Narasimhavatara, Narasimha-avatara, Narasiṃhāvatāra: 4 definitions
Narasimhavatara means something in Hinduism, Sanskrit, Marathi. If you want to know the exact meaning, history, etymology or English translation of this term then check out the descriptions on this page. Add your comment or reference to a book if you want to contribute to this summary article.
Purana and Itihasa (epic history)Source: archive.org: Nilamata Purana: a cultural and literary study
Narasiṃhāvatāra (नरसिंहावतार) refers to the “man-lion incarnation” of Viṣṇu and was once depicted and worshipped in ancient Kashmir (Kaśmīra) as mentioned in the Nīlamatapurāṇa.—The Nīlamata refers to the man-lion incarnation of Viṣṇu tearing Hiraṇyakaśipu to pieces, with his claws. Frequent references to Narasiṃha and the places dedicated to Narasiṃha prove the popularity of this incarnation in Kaśmīra. A Viṣṇu image from Kaśmīra shows two lion faces.
The Purana (पुराण, purāṇas) refers to Sanskrit literature preserving ancient India’s vast cultural history, including historical legends, religious ceremonies, various arts and sciences. The eighteen mahapuranas total over 400,000 shlokas (metrical couplets) and date to at least several centuries BCE.
Shilpashastra (iconography)Source: Shodhganga: The significance of the mūla-beras (śilpa)
Narasiṃhāvatāra (नरसिंहावतार) or Narasiṃha is one of the daśāvatāra (ten incarnations) of Viṣṇu, is found depicted at the Kallazhagar Temple in Madurai, which represents a sacred place for the worship of Viṣṇu.—[in Narasiṃhāvatāra, ] Viṣṇu in the shape of a terrible giant with a lion’s head is found in the sanctum of the daśāvatāra.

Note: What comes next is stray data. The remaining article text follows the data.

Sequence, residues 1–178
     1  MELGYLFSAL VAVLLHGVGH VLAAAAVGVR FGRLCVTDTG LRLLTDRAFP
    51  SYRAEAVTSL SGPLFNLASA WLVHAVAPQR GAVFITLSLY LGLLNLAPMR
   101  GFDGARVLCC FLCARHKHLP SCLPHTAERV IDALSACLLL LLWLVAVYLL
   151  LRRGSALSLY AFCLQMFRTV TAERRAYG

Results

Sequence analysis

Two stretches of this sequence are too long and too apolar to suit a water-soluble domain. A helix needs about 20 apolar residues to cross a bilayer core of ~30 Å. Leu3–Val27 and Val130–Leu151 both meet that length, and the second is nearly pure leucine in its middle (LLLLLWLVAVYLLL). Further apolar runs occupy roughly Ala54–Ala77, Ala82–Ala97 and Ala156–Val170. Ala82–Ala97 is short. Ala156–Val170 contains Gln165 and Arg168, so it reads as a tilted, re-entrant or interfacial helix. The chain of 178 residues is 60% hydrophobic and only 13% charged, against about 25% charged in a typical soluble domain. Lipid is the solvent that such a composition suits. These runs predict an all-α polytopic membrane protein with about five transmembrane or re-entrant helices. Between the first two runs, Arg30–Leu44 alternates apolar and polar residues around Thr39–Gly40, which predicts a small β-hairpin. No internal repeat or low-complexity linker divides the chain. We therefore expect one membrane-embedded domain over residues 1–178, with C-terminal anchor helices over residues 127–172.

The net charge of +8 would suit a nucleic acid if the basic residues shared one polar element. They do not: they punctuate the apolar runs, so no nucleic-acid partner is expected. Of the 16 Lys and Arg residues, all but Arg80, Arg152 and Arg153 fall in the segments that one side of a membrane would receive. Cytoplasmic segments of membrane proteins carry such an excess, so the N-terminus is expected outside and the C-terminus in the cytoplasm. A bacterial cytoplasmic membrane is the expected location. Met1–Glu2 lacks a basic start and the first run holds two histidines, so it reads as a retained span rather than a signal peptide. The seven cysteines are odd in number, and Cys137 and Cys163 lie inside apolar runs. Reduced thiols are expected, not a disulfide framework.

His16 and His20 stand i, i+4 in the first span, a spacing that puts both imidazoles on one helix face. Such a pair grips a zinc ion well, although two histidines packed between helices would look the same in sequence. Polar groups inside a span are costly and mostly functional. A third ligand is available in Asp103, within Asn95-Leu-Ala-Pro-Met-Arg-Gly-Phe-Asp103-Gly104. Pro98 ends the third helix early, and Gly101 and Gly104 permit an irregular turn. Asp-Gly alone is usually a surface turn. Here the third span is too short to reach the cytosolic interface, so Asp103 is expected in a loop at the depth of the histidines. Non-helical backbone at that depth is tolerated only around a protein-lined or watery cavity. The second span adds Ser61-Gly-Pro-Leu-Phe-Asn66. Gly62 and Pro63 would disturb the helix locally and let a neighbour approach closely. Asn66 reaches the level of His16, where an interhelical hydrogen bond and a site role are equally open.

Shilpashastra (शिल्पशास्त्र, śilpaśāstra) represents the ancient Indian science (shastra) of creative arts (shilpa) such as sculpture, iconography and painting. Closely related to Vastushastra (architecture), they often share the same literature.
Languages of India and abroad
Marathi-English dictionarySource: DDSA: The Molesworth Marathi and English Dictionary
narasiṃhāvatāra (नरसिंहावतार).—m (S) The avatar of viṣṇu as the man-lion to destroy hiraṇyakaśipu an infidel prince. na0 ghēṇēṃ To be furiously angry.Source: DDSA: The Aryabhusan school dictionary, Marathi-English
narasiṃhāvatāra (नरसिंहावतार).—m The avatar of viṣṇu as the man-lion to destroy hiraṇyakaśipu an infidel prince. narasiṃhāvatāra ghēṃṇēṃ To be furiously angry.
Marathi is an Indo-European language having over 70 million native speakers people in (predominantly) Maharashtra India. Marathi, like many other Indo-Aryan languages, evolved from early forms of Prakrit, which itself is a subset of Sanskrit, one of the most ancient languages of the world.
See also (Relevant definitions)
Search found 3 books and stories containing Narasimhavatara, Narasimha-avatara, Narasiṃhāvatāra, Narasiṃha-avatāra; (plurals include: Narasimhavataras, avataras, Narasiṃhāvatāras, avatāras). You can also click to the full overview containing English textual excerpts. Below are direct links for the most relevant articles:
The Religion and Philosophy of Tevaram (Thevaram) (by M. A. Dorai Rangaswamy)
Chapter 3.8 - Brahma-shirascheda-murti (cutting off Brahma’s head) < [Volume 2 - Nampi Arurar and Mythology]
Laghu-yoga-vasistha (by K. Narayanasvami Aiyar)
Puranic encyclopaedia (by Vettam Mani)